The target of a Donald Trump insult attack on Twitter fought back by filing a lawsuit against the President-elect, alleging his tweets damaged her reputation, cost her televisions appearances and subjected her to bullying. The lawsuit, filed last year by Cheri Jacobs, demanded $4 million in damages. If Trump was concerned, perhaps he is breathing a bit easier tonight after the case was dismissed by a Manhattan Judge on Tuesday who wrote that the First Amendment protects Trump’s right to hurl insults on Twitter.
The two tweets at the center of the lawsuit stemmed from an appearance Jacobus made on CNN back in February when she reportedly claimed his campaign was less than transparent about its finances.
Trump seemingly did not care for the remarks, so he unloaded on Jacobus:
Great job on @donlemon tonight @kayleighmcenany @cherijacobus begged us for a job. We said no and she went hostile. A real dummy! @CNN
— Donald J. Trump (@realDonaldTrump) February 3, 2016
Really dumb @CheriJacobus. Begged my people for a job. Turned her down twice and she went hostile. Major loser, zero credibility!
— Donald J. Trump (@realDonaldTrump) February 6, 2016
A copy of the opinion written by Manhattan Supreme Court Judge Barbara Jaffe was obtained by The Associated Press late Tuesday. In her opinion, she wrote the tweets may be “rife with vague and simplistic insults,” and possibly even hurtful to Jacobus, but they were still protected free speech.
She added, Trump’s “intemperate tweets are clearly intended to belittle and demean plaintiff,” but she did not prove they prevented her from obtaining work as a political consultant.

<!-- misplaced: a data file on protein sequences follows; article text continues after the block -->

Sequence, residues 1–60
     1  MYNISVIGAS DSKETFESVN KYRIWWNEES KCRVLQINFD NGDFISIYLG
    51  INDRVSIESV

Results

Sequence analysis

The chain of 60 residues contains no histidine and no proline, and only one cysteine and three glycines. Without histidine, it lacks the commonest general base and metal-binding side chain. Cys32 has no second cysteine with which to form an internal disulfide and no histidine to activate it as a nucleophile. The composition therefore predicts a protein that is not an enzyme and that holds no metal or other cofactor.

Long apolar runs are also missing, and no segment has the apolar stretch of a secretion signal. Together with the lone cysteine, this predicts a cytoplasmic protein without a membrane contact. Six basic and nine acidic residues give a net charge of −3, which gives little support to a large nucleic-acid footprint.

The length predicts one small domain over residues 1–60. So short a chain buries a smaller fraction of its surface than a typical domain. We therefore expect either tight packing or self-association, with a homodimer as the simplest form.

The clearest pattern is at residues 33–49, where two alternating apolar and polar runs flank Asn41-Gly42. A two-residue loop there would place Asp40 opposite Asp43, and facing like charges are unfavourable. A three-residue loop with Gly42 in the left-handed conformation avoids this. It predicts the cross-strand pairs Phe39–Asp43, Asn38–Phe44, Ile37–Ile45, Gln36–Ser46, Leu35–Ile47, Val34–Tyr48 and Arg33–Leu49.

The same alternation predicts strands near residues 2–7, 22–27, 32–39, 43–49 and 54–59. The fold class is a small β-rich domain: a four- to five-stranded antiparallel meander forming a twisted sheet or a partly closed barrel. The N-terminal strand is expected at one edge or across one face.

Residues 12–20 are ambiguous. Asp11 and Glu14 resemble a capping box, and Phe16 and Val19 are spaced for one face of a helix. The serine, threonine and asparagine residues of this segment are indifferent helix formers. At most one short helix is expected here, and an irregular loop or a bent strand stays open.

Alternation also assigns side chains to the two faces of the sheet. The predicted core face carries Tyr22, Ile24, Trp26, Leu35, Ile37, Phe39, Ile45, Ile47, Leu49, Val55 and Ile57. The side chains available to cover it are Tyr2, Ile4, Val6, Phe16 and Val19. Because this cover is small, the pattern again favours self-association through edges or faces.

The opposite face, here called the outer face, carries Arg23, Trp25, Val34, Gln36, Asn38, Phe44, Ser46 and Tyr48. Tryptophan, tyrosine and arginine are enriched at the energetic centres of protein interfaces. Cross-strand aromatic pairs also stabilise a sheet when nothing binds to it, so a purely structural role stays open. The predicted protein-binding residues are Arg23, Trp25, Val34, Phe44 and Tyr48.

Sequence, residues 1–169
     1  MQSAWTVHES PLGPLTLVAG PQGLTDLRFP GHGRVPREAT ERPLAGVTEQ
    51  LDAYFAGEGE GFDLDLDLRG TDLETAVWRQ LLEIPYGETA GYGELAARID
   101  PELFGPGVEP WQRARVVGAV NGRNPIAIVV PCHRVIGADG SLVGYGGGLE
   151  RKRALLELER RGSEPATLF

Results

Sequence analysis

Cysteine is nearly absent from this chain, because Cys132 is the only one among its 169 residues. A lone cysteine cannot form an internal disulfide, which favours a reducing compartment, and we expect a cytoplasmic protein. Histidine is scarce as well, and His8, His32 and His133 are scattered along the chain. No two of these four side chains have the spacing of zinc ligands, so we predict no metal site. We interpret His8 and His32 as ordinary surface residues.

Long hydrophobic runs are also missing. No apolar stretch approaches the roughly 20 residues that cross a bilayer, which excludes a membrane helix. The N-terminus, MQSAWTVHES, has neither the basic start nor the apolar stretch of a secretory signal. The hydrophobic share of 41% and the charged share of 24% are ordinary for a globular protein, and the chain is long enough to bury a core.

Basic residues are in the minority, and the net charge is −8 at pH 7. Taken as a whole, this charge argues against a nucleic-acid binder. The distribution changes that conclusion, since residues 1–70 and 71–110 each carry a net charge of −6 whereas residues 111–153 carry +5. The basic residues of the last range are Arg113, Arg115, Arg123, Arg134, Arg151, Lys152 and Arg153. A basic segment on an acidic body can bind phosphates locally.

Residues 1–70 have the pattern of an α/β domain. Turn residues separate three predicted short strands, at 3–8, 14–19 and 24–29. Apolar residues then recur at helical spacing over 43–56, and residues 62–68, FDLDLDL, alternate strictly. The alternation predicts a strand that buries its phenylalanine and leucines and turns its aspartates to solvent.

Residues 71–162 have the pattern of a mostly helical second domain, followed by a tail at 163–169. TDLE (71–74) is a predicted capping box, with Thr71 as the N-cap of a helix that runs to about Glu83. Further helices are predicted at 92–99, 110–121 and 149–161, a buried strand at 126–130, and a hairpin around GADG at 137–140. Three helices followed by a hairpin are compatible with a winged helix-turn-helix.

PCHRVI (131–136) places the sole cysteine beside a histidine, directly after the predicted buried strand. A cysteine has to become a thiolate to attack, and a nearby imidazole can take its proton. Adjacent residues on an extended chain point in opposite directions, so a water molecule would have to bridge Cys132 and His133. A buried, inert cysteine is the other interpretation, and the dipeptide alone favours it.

It was also revealed in the lawsuit that Jacobus had met with then-Trump campaign manager Corey Lewandowski in 2015 about a potential position with the campaign, although no employment agreement was ever reached.
The judge referenced Trump’s “begged” comment in her opinion, calling it a subjective fact. Furthermore, the judge determined that the comment came after Jacobus’ own public criticism of Trump, it all signaled to the public “that plaintiff and Trump were engaged in a petty quarrel.”
In other words, the judge was seemingly saying the courtroom was not the proper venue for settling this type of dispute.
In what will hardly comes as a surprise to anyone, Trump’s legal team celebrated the decision, with Trump attorney Larry Rosen described the decision as “well-reasoned.
Meanwhile, Jacobus’ lawyer, Jay Butterman, promised to appeal. If he did not, Butterman said the opinion would essentially give “President-elect Donald Trump a free pass to trample on the free speech rights of any critic.”
In her decision, Jaffe ruled that whether Jacobus “begged” Trump for a job was subjective and not an objective fact.
Because it followed her own public criticisms of Trump, Jaffe ruled, the context of the exchange “signals to readers that plaintiff and Trump were engaged in a petty quarrel.”
[image via screengrab]
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